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Re: Clarifying non-free parts of the GNU FDL

On Tue, 2004-09-21 at 13:09, Roger Leigh wrote:
> The Gimp-Print User's Guide (package gimpprint-doc) is currently
> licensed under the terms of the GNU FDL.
> During discussion with gimp-print upstream about the potential
> problems with the GNU FDL and the possibility of relicensing it, a
> number of issues have cropped up, which I'd be grateful if you could
> assist with.  I have pointed to Manoj's draft position statement as a
> summary of the issues with the FDL found to date, which we have been
> discussing.
> If the documentation was to remain GFDL licenced, would be possible to
> add a clarification to the licence in order to counter the main
> problems which would affect this work?  The work is written in
> Docbook/SGML, and contains no invariant sections.

I assume by "no invariant sections" you also mean no cover texts,
acknowledgements, or dedications.

> Specifically, would it be possible to
> 1) Allow storage/transmission on encrypted filesystems/links to
>    counter the "DRM restriction"?
> 2) Not require forcing distribution of transparent copies with bulk
>    opaque copies?
> If these clarifications were to be made, would the licence be
> considered DFSG-free?  Are there any other possible amendments that
> could be made to make the licence DFSG-free?

Tentatively, I would say yes, this is free. Tentatively because I
stopped paying too much attention to the specifics of the FDL after no
one at the FSF seemed interested in resolving the more serious problems.
Similar to how we only discovered the DRM issues after being hung up on
invariants for a while, there might be some more nasty clauses hiding in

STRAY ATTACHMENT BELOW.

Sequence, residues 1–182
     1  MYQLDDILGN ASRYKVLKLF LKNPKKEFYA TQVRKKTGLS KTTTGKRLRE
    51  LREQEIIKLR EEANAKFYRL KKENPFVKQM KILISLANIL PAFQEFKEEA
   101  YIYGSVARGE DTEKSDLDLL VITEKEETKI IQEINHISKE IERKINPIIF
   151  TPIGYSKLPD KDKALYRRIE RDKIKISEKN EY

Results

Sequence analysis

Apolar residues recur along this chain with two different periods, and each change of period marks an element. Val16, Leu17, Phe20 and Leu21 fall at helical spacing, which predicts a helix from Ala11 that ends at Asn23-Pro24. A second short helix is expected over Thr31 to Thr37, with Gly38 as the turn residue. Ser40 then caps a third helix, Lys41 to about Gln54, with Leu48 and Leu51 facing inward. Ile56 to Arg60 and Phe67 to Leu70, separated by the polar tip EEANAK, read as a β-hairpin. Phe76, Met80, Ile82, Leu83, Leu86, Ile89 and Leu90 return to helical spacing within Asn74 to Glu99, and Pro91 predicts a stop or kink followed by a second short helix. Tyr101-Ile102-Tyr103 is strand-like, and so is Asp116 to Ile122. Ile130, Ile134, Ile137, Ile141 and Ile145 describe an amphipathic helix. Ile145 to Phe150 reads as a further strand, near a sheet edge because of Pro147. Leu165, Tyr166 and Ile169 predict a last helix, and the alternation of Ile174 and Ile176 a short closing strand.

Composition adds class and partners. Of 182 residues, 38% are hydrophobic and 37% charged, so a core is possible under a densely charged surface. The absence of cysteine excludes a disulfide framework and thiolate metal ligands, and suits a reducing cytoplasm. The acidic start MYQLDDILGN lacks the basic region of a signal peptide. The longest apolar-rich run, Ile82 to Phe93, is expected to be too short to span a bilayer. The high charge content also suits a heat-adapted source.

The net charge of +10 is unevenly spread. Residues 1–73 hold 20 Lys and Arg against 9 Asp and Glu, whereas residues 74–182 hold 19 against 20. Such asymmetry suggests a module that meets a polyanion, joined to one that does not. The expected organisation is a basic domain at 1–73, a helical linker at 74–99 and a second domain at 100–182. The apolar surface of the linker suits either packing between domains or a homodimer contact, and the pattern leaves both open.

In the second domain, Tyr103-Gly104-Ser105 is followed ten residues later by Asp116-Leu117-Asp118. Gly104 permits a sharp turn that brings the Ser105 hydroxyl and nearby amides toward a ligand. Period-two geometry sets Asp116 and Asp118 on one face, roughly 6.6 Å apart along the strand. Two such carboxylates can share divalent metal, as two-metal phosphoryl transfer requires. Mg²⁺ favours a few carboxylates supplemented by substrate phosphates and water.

the license that no one has noticed yet (especially given the complexity
of it).

However, this license is still not GPL-compatible, meaning text can't
easily be moved from GIMP-Print itself (or other printing programs) into
the documentation and vice versa.

> Lastly, are there any alternative licences available?  The author (and
> copyright holder) of the work would prefer a licence suited to
> documentation rather than programs (which I don't disagree with).

I'm preparing a large amount of DocBook released under the GNU GPL, with
the following notice:

  This document is licensed under the GNU General Public License version
  2 as published by the Free Software Foundation. References to "object
  code" and "executables" in the GNU GPL are to be interpreted as the
  output of any document formatting or typesetting system, including
  intermediate and printed output.

This license is GPL-compatible in both directions, and I don't see that
it presents any serious problems just because I'm applying it to a
"non-program". Any license that tries to cater to some specifics of
non-programs results in problems when you try to move text a document to
a program and vice versa, which is a common case in software

If upstream really needs a documentation-specific license, one
possibility is releasing the documentation under a GFDL/GPL dual
license. If the author does this, then we don't even need exceptions to
the GFDL, because the GPL alone is free.
Joe Wreschnig <piman@debian.org>

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